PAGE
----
STUDENTS at Huddersfield University are making an impact in the jobs market.
Latest figures from the annual Destination of Leaver in Higher Education survey show that 94.9% of the university’s students are in work or have moved onto further study within six months of graduation.
And a new Huddersfield firm has shown its belief in the calibre of students at the university by offering work placements to five of them.
Figures compiled in 2011 by the Higher Education Statistics Agency placed the university sixth in the UK for post-graduation employment levels.
The new DLHE figures show a marginal fall of 0.3% in the rate of “positive outcomes” for Huddersfield graduates, compared with the previous year – but in the context of the weak economy, the latest findings are regarded as highly positive.
Stephen Boyd, of the university’s careers and employability services, said: “These latest figures clearly demonstrate that yet again the university has maintained its position as one of the strongest performing universities in terms of employability.
“Despite what is now a double-dip recession, our graduates have continued to shine in the labour market and these figures are still among the best in the sector.”
“A number of factors are responsible for this strong showing, not least our multi award-winning careers and placement support, but also the selection of the courses on offer, our focus on integrated work experience, strong links to the professions and clear career-track pathways into graduate-level jobs.”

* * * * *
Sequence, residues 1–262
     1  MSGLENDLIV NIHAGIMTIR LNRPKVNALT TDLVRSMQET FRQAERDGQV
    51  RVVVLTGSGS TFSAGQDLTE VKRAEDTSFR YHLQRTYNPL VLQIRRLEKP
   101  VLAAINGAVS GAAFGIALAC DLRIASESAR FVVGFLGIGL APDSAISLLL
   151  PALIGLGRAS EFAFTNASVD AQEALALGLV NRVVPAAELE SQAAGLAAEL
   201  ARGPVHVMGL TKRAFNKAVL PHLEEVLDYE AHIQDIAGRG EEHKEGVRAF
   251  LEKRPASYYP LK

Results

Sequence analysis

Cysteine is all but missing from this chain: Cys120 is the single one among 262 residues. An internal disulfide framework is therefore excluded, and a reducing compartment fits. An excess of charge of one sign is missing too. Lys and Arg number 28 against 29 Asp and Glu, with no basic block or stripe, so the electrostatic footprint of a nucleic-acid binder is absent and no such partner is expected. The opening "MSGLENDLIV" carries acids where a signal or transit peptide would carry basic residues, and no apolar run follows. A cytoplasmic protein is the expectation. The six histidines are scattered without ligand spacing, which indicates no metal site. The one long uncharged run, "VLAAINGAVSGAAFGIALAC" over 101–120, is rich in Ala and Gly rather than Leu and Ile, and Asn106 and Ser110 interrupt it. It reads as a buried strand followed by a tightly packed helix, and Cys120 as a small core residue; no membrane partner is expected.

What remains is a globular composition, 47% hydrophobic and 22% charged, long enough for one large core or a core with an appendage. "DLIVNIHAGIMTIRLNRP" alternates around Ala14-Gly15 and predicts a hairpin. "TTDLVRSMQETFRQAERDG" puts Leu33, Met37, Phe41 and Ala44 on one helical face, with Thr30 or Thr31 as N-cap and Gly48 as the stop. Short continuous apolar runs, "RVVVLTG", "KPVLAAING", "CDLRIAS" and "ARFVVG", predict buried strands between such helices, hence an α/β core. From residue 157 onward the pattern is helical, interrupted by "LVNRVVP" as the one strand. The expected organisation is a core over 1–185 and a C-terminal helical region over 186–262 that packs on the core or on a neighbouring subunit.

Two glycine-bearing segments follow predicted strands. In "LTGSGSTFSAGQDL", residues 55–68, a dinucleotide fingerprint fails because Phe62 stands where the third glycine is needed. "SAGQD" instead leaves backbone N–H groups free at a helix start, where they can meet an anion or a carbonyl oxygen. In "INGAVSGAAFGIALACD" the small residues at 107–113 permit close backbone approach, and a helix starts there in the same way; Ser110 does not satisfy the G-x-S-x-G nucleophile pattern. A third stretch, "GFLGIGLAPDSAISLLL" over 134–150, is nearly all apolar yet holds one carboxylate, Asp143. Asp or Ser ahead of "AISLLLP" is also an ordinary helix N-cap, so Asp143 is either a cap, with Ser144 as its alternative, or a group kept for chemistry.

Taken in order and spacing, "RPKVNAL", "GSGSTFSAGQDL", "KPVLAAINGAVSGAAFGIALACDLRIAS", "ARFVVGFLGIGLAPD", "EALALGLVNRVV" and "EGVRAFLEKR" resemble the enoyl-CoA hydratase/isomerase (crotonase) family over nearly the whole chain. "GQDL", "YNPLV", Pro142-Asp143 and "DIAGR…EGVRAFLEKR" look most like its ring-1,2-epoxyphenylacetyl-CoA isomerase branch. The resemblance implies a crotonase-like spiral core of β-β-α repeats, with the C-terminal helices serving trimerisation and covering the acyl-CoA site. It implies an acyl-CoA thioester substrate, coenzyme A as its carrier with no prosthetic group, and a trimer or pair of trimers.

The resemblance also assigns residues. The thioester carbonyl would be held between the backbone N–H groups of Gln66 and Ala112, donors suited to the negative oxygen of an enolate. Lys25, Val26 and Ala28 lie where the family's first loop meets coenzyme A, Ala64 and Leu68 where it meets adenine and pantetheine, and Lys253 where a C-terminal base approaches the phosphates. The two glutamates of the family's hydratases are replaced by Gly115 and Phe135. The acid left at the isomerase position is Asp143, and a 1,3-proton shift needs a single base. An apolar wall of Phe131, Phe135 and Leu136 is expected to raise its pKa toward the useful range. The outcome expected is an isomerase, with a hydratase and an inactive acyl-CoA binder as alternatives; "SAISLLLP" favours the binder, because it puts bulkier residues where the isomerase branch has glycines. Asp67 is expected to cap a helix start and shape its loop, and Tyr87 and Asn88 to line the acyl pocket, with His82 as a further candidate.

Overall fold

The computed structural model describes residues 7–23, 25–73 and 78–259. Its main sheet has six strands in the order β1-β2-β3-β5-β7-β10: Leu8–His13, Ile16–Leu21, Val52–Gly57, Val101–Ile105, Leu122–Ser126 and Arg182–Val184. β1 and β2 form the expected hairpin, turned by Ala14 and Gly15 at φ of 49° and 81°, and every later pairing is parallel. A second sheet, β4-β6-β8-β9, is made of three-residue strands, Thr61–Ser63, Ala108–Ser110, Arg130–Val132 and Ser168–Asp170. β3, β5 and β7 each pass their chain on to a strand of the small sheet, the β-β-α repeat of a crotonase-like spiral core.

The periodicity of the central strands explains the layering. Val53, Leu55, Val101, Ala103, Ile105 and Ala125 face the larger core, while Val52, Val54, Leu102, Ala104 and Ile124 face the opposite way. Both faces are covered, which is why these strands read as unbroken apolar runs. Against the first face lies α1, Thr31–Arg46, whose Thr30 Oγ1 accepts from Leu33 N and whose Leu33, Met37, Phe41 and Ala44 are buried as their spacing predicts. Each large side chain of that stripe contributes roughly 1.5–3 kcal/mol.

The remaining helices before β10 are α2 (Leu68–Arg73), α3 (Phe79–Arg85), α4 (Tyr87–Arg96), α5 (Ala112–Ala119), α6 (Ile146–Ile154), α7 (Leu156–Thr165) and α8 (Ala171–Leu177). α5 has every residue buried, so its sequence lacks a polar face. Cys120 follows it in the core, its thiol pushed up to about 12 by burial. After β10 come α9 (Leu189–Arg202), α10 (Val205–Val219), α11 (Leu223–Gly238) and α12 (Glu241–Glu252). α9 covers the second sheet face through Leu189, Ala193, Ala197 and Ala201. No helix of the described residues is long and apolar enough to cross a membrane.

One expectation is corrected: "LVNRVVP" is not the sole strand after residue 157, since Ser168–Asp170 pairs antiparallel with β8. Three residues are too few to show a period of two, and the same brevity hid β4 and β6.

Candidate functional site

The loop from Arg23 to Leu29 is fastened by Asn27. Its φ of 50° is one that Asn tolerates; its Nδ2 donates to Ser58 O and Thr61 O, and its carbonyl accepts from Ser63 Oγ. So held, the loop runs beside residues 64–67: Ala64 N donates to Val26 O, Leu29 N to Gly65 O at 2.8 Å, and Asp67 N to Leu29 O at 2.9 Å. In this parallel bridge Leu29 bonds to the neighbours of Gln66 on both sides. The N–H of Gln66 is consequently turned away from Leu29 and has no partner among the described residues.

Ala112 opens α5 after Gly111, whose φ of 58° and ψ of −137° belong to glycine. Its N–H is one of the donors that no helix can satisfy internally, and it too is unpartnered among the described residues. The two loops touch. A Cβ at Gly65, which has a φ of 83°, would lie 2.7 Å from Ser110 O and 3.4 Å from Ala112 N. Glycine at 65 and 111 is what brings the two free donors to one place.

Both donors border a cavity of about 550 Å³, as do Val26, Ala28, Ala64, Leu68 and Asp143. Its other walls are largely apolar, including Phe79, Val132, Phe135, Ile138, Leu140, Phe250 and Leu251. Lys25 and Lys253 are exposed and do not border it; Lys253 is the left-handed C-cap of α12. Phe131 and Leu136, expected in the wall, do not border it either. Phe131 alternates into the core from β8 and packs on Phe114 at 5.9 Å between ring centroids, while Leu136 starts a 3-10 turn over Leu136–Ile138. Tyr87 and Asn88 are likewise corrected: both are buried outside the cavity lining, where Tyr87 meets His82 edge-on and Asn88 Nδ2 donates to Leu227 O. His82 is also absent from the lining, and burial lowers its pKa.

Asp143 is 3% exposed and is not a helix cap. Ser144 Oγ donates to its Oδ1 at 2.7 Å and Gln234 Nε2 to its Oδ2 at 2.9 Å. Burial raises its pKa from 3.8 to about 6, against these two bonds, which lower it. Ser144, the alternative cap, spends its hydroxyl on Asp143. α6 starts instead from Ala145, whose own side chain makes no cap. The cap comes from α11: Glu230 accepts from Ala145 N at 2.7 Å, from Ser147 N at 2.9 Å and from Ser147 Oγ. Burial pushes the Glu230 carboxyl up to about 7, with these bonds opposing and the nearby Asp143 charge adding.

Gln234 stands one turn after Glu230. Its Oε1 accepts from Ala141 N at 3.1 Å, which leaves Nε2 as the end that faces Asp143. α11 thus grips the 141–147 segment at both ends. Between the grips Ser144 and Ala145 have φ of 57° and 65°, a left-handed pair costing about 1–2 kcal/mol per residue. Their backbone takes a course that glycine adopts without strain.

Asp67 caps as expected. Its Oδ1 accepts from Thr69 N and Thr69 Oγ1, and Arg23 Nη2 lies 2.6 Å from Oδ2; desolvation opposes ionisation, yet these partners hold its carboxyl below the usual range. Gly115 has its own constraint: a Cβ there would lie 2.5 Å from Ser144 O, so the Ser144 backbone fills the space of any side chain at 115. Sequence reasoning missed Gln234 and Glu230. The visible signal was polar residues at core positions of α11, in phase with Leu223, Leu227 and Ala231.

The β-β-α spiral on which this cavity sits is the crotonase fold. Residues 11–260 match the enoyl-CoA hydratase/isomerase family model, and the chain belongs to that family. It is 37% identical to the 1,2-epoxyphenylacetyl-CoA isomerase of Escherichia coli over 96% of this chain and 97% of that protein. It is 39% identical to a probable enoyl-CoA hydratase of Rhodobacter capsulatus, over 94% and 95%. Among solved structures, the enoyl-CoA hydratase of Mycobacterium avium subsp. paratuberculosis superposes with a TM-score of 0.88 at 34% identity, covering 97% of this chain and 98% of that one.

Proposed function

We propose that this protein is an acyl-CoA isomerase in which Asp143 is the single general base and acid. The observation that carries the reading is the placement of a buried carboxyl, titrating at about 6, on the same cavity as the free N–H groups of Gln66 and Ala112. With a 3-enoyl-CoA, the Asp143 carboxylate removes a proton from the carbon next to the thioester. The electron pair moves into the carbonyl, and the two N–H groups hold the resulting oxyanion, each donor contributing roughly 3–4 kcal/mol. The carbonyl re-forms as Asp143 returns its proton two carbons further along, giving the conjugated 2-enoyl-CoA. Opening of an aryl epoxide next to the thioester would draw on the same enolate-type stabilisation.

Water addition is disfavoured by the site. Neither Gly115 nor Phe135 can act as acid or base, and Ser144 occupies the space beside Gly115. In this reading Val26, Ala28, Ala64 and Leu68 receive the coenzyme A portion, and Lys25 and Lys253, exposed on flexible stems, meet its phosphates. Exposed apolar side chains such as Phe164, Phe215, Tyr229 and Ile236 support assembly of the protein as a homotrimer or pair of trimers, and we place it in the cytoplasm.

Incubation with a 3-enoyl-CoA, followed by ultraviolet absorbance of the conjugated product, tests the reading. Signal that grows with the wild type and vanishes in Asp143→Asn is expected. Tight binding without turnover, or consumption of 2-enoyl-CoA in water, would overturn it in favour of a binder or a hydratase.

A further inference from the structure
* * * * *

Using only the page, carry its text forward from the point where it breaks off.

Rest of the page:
Meanwhile, JAM Business Media, based at Lindley, has offered paid work placements to five Huddersfield University students. The company, founded in May, 2010, offers expert advice and help on marketing via digital media, plus services such as website design.
Company boss Matt Hill was a professional footballer with clubs including Sheffield United before making a career switch into sales and marketing.
Keen to involve JAM with the local community and to offer employment opportunities, he met and interviewed a large number of business students at the university who were seeking work placements, which are an integral part of their degree studies.
“I was very impressed with all of them, for their mindset as well as their academic background,” said Mr Hill. But he was forced to whittle his final selection down to five.
The five – Chris Nightingale, Erika Jaselaityte, Daniel Cole, Jamie Whiteley and James Shaw – will be principally managing online advertising campaigns for clients.
Mr Hill said he hoped to be able to offer permanent posts to some of the students after they have completed their courses, saying: “I am really excited at the prospect of working alongside young people with fresh minds and new ideas and I think that they too will learn a lot over the next 12 months.”
The five recruits are all students at the university’s business school, taking a range of degree courses, including marketing, accountancy and entrepreneurial skills.
University work placement officer Andrew Stainton said it was unprecedented for one company to recruit such a large number of students.
“For the students, it is about gaining experience, putting their knowledge into practice, developing skills and improving long-term employability,” he said. “The firm gains enthusiasm, ideas and new perspectives.”